Mastodon tooth found in donation box to be displayed in Michigan museum

Christian charity In The Image received an odd donation of two mastodon fossils in July.
By VERONICA LINARES, UPI.com   |   Oct. 10, 2013 at 12:54 PM

Parts of a prehistoric mastodon that were donated to a Grand Rapids charity in July will be displayed in the Grand Rapids Public Museum in Michigan.

“At first, it looked like broken parts of something,” said Jay Starkey, director of In The Image, the Christian charity that received the fossils.

But upon further inspection the parts were determined to be the pieces of an extinct elephant-like species that lived in North America over 10,000 years ago.

One of the bones, a tooth, is reportedly the size of a loaf of bread. Another piece, a tusk, is hollowed at one end. Museum staff believes it was probably carved at some point. Both parts are covered in lacquer.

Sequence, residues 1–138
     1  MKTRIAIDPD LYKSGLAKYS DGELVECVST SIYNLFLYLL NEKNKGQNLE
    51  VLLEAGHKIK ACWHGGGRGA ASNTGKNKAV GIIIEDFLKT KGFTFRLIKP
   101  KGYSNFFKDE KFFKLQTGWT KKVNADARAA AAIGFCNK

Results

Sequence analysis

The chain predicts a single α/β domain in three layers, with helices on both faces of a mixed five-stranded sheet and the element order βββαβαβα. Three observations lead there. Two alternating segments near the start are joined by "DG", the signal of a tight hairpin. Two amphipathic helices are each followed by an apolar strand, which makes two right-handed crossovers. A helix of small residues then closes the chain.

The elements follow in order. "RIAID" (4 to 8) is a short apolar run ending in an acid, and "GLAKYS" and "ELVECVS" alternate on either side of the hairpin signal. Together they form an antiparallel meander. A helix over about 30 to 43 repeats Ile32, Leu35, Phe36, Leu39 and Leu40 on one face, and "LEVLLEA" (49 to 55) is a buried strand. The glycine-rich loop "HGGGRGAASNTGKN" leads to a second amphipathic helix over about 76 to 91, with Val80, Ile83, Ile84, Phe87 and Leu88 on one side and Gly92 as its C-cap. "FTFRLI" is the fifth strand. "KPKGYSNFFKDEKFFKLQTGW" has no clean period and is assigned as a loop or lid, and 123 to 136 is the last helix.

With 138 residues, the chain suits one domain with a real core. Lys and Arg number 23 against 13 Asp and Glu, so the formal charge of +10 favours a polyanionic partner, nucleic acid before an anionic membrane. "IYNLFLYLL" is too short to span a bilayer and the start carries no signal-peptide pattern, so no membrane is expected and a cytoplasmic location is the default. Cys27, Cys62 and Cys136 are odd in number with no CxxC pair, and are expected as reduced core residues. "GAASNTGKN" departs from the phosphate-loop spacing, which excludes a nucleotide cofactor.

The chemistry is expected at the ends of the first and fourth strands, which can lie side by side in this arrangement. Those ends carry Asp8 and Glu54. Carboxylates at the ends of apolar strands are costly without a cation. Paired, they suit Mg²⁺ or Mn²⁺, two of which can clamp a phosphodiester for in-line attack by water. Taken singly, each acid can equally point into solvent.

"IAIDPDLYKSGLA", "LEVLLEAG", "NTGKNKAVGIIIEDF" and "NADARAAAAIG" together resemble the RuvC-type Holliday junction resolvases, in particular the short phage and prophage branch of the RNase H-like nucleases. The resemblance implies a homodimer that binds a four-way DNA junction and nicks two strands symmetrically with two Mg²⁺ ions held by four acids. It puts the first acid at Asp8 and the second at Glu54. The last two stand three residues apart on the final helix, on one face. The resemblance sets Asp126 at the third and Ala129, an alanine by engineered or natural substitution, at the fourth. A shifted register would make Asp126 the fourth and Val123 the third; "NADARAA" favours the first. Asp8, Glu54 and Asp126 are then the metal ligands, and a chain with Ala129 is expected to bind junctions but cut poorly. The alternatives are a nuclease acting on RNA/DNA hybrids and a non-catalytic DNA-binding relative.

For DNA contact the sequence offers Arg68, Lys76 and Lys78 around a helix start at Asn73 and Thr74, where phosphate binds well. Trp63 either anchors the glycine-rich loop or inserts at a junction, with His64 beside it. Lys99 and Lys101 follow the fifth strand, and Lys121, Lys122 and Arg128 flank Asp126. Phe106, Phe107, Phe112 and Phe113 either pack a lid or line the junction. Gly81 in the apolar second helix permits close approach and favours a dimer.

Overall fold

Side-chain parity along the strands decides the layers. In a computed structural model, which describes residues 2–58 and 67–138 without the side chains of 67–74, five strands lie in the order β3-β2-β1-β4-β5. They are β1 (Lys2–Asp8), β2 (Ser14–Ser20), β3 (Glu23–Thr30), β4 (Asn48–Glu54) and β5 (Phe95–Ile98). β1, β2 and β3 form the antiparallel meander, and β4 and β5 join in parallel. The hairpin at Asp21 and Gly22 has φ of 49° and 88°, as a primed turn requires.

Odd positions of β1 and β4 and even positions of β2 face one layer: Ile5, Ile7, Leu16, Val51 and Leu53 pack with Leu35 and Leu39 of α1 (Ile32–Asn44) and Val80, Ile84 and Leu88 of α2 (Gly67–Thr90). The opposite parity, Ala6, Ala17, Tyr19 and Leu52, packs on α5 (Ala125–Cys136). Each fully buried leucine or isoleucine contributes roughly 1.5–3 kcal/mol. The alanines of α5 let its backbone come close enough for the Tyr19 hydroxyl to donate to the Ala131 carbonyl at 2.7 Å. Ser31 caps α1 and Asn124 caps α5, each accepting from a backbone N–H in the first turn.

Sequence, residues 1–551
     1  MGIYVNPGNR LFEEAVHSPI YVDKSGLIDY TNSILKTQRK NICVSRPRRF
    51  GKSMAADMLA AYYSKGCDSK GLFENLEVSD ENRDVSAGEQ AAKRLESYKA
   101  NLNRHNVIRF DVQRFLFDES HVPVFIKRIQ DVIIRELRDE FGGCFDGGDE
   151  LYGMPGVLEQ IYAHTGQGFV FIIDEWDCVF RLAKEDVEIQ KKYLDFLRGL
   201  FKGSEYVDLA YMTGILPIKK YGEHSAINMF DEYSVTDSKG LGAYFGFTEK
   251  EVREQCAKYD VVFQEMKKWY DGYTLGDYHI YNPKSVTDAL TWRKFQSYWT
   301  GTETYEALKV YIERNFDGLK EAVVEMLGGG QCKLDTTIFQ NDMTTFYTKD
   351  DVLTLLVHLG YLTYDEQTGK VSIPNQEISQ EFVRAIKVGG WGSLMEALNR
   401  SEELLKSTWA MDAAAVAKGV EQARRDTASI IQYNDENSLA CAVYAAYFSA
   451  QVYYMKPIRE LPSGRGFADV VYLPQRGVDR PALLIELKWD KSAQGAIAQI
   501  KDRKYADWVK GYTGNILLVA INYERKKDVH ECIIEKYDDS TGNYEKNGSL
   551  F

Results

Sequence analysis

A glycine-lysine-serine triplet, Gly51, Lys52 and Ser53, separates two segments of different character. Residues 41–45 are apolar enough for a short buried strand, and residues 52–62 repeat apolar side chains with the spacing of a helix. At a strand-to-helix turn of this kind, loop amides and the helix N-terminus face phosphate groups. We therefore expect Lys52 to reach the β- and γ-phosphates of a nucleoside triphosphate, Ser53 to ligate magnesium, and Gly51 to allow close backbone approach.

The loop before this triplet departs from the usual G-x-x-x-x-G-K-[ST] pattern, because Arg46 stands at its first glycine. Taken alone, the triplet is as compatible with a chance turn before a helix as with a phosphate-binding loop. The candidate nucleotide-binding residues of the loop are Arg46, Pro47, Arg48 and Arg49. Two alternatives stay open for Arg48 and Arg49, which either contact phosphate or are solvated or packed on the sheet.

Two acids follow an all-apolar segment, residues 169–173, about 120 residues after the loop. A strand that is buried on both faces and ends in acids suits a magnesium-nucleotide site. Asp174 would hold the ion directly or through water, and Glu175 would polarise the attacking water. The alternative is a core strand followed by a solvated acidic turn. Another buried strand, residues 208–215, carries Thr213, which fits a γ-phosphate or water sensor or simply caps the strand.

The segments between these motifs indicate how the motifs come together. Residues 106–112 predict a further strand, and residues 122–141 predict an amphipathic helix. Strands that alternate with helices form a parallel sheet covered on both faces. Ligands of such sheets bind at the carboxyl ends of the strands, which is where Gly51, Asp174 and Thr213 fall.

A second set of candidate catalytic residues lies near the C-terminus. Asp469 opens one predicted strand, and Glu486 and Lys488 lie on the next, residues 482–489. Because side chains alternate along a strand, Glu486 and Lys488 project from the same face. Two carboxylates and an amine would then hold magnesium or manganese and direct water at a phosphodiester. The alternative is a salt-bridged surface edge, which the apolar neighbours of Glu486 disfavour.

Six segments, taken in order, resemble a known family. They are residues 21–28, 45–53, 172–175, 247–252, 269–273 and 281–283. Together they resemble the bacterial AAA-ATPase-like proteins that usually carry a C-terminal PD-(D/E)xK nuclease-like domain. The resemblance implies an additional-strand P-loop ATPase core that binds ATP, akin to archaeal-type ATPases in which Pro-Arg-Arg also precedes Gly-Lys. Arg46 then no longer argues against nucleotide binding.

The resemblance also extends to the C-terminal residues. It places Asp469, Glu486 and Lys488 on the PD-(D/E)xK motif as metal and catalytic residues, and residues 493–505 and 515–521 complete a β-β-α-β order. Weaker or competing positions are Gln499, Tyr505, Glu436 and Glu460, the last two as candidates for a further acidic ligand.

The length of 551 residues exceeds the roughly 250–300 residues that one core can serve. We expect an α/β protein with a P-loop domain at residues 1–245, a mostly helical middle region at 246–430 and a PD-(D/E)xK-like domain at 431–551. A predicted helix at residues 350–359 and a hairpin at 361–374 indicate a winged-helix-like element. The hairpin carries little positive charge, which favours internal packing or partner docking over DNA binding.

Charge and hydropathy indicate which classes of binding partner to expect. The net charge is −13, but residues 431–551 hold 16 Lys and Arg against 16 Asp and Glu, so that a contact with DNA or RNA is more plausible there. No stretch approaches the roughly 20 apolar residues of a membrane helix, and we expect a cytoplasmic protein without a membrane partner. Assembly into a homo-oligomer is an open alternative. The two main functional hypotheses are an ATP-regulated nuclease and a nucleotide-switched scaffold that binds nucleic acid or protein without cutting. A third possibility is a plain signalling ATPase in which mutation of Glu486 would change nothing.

Although the tusk is believed to be from a mastodon, that fact has not yet been confirmed. The two pieces are estimated to be anywhere from 12,000 to 15,000 years old.

Starkey said this wasn't the first time the museum received odd donations. He said that over time the charity has received drugs, a $5,000 painting and an urn full of ashes.

“That was probably the weirdest thing,” he said of the latter.

Because the charity box containing the remains was not inspected upon pickup, Starkey said it he was unable to determine which house they came from. Crew members think it came from a house near Ada.

“I’d love to find out where this was from and the history behind it,” he said.

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